or other reasons it is necessary to have the
concrete block surface exposed, the walls shall either be built with block
having richer facing mixture or treated with two coats of approved quality
of cement based paint.
In either case the walls in heavy or moderate
rainfall areas shall be pointed with 1: 3 cement mcrtar.
11.2 Internal
RenderingsAs machine made concrete blocks are of
uniform size, walls built with them provide an even surface.
Where it is
desired to have the block surface exposed, the walls may only be flush
pointed and painted with an approved quality of cement paint, emulsion
paint or chlorinated
rubber paint.
Oil based paints are liable to be
attacked by alkali from the blocks and mortar.
Otherwise the interior
surface on walls shall be plastered with one coat of 6 to 12 mm thickness
of:1 : 2 : 9 cement lime sand mortar.
Where a very smooth finish is desired,
a second coat of 2 to 3 mm thickness of lime finish may be applied.
12. MAINTENANCE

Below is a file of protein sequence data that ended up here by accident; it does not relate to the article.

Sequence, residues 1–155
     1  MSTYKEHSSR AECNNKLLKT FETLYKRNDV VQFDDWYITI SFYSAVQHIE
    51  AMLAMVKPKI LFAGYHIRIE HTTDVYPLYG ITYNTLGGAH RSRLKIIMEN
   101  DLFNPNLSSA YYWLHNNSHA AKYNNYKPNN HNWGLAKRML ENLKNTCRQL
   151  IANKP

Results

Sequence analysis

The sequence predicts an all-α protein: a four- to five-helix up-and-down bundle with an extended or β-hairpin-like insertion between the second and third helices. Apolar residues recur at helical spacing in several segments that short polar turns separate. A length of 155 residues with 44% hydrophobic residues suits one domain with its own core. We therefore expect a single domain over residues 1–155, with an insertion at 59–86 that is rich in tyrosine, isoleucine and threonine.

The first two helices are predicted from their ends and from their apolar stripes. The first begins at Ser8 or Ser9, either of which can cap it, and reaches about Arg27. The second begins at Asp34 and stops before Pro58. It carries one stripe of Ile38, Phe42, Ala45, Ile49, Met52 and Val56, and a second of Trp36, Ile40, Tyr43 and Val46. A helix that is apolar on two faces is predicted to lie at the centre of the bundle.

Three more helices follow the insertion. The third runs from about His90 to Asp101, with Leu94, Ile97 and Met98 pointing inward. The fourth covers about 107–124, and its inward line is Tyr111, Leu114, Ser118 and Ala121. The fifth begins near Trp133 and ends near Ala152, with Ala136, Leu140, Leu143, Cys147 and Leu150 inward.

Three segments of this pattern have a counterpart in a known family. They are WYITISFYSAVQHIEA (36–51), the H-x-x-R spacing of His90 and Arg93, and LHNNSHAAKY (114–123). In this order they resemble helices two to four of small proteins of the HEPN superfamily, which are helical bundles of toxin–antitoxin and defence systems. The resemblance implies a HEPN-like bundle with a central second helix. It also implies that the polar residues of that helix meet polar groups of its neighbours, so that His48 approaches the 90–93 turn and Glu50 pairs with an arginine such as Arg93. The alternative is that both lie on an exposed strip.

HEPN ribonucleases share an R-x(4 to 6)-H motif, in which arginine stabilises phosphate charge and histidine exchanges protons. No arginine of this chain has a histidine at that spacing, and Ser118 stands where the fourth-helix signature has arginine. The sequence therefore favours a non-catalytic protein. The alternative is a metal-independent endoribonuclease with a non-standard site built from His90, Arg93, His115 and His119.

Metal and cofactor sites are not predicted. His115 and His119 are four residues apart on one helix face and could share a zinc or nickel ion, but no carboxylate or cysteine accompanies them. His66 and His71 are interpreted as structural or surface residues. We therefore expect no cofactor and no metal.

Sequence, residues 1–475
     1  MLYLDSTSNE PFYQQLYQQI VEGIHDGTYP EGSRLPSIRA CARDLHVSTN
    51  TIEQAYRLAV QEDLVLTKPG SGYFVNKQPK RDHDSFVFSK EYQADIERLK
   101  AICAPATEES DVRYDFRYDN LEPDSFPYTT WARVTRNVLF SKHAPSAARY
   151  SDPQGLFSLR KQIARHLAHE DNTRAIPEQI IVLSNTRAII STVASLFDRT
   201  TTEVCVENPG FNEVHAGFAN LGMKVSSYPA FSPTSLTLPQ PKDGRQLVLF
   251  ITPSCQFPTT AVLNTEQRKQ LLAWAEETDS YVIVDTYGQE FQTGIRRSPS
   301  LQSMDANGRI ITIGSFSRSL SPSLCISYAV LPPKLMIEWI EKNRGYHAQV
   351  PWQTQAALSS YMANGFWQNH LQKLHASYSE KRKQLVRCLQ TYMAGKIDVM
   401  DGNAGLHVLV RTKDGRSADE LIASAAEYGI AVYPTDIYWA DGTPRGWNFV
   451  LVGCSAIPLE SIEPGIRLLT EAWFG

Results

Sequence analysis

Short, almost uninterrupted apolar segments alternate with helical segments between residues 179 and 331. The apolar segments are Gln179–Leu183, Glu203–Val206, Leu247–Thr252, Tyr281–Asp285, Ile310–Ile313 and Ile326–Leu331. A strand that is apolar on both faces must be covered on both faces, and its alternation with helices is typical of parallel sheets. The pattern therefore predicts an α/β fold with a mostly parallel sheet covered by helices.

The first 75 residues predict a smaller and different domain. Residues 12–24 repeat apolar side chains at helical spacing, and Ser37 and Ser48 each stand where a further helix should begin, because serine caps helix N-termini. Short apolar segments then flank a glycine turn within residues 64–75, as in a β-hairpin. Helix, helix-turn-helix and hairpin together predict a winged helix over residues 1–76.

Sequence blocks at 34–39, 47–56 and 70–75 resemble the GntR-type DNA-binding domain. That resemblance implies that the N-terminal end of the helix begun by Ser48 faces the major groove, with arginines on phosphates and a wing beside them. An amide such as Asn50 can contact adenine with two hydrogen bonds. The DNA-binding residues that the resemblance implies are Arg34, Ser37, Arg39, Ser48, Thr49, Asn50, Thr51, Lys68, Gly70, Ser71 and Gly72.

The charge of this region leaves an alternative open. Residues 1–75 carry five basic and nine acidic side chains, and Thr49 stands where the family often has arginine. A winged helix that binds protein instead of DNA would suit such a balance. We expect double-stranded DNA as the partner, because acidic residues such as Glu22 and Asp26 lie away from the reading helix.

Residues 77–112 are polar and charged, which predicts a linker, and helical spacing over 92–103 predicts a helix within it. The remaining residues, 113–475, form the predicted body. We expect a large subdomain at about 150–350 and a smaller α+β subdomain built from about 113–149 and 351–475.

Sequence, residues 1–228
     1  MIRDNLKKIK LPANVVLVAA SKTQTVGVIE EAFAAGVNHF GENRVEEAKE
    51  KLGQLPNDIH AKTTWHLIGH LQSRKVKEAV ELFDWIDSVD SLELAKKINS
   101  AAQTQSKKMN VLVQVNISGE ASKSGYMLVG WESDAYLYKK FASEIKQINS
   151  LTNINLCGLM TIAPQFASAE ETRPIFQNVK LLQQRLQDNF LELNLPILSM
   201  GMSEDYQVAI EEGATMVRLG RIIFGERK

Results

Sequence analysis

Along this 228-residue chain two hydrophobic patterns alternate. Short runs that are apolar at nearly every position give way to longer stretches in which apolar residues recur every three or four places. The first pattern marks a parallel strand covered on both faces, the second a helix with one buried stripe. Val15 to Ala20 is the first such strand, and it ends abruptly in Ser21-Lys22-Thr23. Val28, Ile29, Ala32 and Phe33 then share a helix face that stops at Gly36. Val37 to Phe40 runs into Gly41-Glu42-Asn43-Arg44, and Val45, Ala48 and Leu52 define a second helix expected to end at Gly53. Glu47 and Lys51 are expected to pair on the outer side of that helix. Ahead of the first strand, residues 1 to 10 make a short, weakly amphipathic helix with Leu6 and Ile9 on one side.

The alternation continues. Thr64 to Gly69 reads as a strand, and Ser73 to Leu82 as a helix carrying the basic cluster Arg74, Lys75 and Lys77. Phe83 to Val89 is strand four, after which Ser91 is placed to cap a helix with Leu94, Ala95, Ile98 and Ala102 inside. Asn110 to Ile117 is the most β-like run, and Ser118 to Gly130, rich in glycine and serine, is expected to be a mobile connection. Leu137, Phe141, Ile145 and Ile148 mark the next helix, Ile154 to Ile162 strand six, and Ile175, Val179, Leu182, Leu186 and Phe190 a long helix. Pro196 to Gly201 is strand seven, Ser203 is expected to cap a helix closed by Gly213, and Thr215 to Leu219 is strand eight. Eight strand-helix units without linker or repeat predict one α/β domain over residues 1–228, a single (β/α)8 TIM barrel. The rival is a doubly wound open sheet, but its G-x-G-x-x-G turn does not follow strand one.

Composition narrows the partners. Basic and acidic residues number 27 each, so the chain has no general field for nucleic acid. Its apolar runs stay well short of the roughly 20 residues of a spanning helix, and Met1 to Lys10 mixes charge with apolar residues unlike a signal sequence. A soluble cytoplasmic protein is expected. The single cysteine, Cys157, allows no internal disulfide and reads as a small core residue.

12.1 The exposed walls shall be inspected
closely
every year before
monsoons, and cracks, if any, shall be sealed properly with a cement
grout and painted with two coats of cement paints.

IS : 6042- 1969
( Continued

from page 2 )
Representing

Members

DEPUTY DIRECTOR STANDARDS Research, Designs and


Standards Organization,
Lucknow
(B&S)
ASSISTANT DIRECTOR STANDARDS ( M/C ) ( Ahnate)
Central Water & Power Commission, New Delhi
DIRECTOR ( CSM )
Himalayan Tiles & Marble Pvt Ltd, Bombay
SHRI M. K. GUPTA
National Buildings Organization, New Delhi
SHRI G. C. MATHUR
SARI S. D. JOSHI ( Alternate)
Engineer-in-Chiefs Branch, Army Headquarters
SHRI RADHEY SHIAM
Neyveli Lignite Corporation Ltd, Neyveli
SHRI S. RAMACHANDRAN
SHRI V. A. ARTHANOOR ( Al&male )
Hindustan Housing Factory Ltd, New Delhi
SHRI G. B. SINQH
M/s C. R. Narayana Rao, Madras
&RI C. N. SRINIVASAN
SHRI C. N. RACHAVENDRAN (Alternate)
SURVEYOR
OF WORKS
I Central Public Works Department, New Delhi
( SSW, ND2 )
Central
Building
Research
Institute
( CSIR ),
SHRI C. A. TANEJA
Roorkee
SHRI B. K. JINDAL ( Alternate )
DR H. C. VISVESVA~AYA
Cement Research Institute of India, New Delhi

22

BUREAU OF INDIAN STANDARDS


Headquarters:
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Telephones: 323 0131,323 3375,323 9402